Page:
WWF expresses serious concerns on CLP's LNG Terminal EIA procedure and the future of the Chinese White Dolphin



Posted 21 September 2006
Chinese White Dolphin
© Lindsay Porter / WWF-Hong Kong

WWF considers that CLP is attempting to sabotage public debate and the decision-making process on its proposed liquefied natural gas (LNG) Terminal because the company has stated a firm preference for the Soko's site before the government has completed its examination of the Environmental Impact Assessment (EIA), and after only releasing highly selectively information to the public. CLP revealed its preference on site location to the public three weeks ago without fully considering other viable site options for its LNG Terminal. CLP has refused to release the draft EIA preventing anyone from properly considering the impacts of the two sites in the EIA or what other options were considered.

"This is a deliberate attempt by CLP to prejudice the decision-making process by stating its preference while controlling the information which has violated fundamental principles of the EIA public consultation process ," stated Mr Eric Bohm, CEO, WWF Hong Kong.

In the Study Brief issued by the Environmental Protection Department (EPD), outlining the requirements of the EIA, CLP was required to compare the environmental merits and demerits of the Soko and Black Point option with other options.

"CLP should provide clear and objective comparisons on the Pros and Cons for all other possible LNG sources, including other alternative LNG supplies. Despite the efforts by EPD in recent years to encourage the project proponents to allow continuous public participation in the EIA process from initial planning through to final design, CLP has decided to release selective and piecemeal information," said Dr Alan Leung, Senior Conservation Officer, WWF Hong Kong. "By doing so they are deliberately biasing the public debate on this important infrastructure project in an environmentally sensitive area which could have ramifications for decades to come." WWF has written to CLP several times to request that the whole draft EIA be released, as has been done for some recent government projects recently, but the response so far has been negative.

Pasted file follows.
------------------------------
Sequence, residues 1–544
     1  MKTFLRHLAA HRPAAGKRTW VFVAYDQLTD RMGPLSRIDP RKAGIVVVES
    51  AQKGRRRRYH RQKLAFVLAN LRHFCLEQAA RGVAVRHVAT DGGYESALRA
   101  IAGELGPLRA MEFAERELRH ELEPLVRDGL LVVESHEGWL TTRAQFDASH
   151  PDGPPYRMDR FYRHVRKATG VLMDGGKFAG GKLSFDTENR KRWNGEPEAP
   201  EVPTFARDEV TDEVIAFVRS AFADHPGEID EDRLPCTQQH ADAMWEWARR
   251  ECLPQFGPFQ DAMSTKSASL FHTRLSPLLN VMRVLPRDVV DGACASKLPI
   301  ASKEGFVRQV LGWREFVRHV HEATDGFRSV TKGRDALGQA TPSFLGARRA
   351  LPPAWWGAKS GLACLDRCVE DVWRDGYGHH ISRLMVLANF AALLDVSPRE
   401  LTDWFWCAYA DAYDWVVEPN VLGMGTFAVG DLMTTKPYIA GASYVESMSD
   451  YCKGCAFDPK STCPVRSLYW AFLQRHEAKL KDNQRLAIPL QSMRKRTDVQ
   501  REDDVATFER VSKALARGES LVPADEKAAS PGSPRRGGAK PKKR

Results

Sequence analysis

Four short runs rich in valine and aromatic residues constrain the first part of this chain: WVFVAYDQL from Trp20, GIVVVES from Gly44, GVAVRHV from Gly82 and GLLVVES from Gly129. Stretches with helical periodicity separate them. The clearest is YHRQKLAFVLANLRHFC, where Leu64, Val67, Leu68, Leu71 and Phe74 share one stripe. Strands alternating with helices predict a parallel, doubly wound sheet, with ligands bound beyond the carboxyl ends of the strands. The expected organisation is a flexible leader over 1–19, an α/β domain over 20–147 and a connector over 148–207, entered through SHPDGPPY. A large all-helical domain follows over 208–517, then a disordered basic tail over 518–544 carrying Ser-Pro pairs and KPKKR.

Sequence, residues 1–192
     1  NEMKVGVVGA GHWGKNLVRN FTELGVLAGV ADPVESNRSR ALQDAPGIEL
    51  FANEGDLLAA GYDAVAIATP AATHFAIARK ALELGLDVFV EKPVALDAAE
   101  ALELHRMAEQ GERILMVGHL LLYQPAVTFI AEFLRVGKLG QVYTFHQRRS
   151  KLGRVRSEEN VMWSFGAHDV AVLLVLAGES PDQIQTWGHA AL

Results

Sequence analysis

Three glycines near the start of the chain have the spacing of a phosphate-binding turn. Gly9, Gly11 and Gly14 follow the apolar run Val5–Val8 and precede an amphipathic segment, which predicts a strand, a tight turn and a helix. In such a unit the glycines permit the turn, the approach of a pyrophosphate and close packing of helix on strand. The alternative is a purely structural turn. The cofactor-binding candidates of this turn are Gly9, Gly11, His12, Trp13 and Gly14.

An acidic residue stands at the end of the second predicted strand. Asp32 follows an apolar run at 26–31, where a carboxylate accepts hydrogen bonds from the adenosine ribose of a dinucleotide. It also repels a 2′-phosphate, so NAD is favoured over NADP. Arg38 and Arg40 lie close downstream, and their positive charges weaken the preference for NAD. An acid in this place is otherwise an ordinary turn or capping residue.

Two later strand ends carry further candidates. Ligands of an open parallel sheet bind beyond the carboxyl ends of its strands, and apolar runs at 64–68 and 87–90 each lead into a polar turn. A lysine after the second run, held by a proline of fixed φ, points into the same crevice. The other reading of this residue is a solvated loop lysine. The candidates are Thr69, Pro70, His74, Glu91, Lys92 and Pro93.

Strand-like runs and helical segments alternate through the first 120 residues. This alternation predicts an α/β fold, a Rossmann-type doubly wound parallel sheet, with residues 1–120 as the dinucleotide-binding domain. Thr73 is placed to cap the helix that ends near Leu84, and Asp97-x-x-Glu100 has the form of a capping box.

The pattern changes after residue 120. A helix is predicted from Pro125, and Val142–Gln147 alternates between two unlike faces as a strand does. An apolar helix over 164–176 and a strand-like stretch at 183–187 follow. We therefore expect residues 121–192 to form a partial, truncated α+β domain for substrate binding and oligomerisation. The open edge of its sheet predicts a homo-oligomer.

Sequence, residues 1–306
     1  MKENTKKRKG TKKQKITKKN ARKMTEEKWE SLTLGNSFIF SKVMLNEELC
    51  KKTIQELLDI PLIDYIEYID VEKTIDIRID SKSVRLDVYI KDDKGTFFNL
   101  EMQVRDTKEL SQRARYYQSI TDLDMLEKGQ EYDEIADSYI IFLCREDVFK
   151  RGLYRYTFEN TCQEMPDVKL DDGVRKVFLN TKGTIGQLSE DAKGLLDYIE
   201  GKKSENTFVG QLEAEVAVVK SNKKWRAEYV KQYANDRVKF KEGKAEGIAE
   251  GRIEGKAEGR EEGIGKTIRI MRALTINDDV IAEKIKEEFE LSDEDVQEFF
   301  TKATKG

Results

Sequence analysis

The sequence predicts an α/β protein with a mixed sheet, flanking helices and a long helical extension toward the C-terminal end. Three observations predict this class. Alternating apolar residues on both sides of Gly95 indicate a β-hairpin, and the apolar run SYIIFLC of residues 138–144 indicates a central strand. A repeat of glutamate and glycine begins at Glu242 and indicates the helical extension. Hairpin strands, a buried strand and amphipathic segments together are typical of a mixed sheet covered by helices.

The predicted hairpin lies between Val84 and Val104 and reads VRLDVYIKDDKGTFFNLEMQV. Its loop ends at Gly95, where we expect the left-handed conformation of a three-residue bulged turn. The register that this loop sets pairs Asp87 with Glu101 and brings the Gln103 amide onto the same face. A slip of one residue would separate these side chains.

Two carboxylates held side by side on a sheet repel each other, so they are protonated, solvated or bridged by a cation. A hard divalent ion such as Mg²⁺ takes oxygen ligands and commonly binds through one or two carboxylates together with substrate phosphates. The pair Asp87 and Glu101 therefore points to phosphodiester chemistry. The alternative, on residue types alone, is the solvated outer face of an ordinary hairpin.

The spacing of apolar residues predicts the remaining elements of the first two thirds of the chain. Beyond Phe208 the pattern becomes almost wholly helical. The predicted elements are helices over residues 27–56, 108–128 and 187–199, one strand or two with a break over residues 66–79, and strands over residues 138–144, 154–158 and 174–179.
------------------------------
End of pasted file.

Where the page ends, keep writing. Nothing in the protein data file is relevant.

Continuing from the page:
CLP's stated preference as of the 1 st September is to build a terminal on the South Soko Island, with its surrounding waters endorsed as a Marine Park in 2002. The areas have been identified as important fishery spawning and nursery grounds. The Sokos waters are also unique being the only location where the Chinese white dolphin and the Finless porpoise co-occur in local waters. The proposed gas pipeline associated with the Soko option will also cut through the prime habitat of the Chinese white dolphin near the Sha Chau and Lung Kwu Chau Marine Park and another Marine Park proposed for Southwest Lantau. Unbelievably, the information released to the public by CLP to date comparing the Black Point and Soko sites makes no mention of the marine mammals found at the Sokos.

"WWF is extremely concerned by the Government's casual dis regard to the continuous and cumulative encroachment from large scale developments within the marine areas inhabited by the only two residential marine mammals in Hong Kong. Over the past 10 years, more than 10 projects with over 1,700 ha of the sea area have been reclaimed. Reclamation has not just caused a direct loss of these mammals' habitats, it also removes habitat for the fish on which the dolphins feed," continued Dr Leung.

Endless past, present and future works on dredging, dumping, facilities installation, and pollution not only pose threats to the dolphins and the porpoises, but the whole marine environment, and have contributed to our declining fishing industry. Although the dolphin and the porpoise population is holding up at the moment, we worry that these magnificent animals will not be able to withstand unlimited and on-going developments, such as the Hong Kong-Zhuhai-Macau bridge and the Container Terminal 10 near Tai O.

"WWF is calling on the Hong Kong public to support the only two warm-blooded resident marine animals by demanding the Government cease this casual disregard for the areas in which they live. While WWF does support the move towards greener fuels like natural gas for power generation, we cannot accept the trade off to the Soko Islands and the dolphins and porpoise while other options are available" stated Mr Bohm.

 

Related link: http://www.wwf.org.hk/eng/conservation/nogoatsoko/index.php

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Chinese White Dolphin
© Lindsay Porter / WWF-Hong Kong Enlarge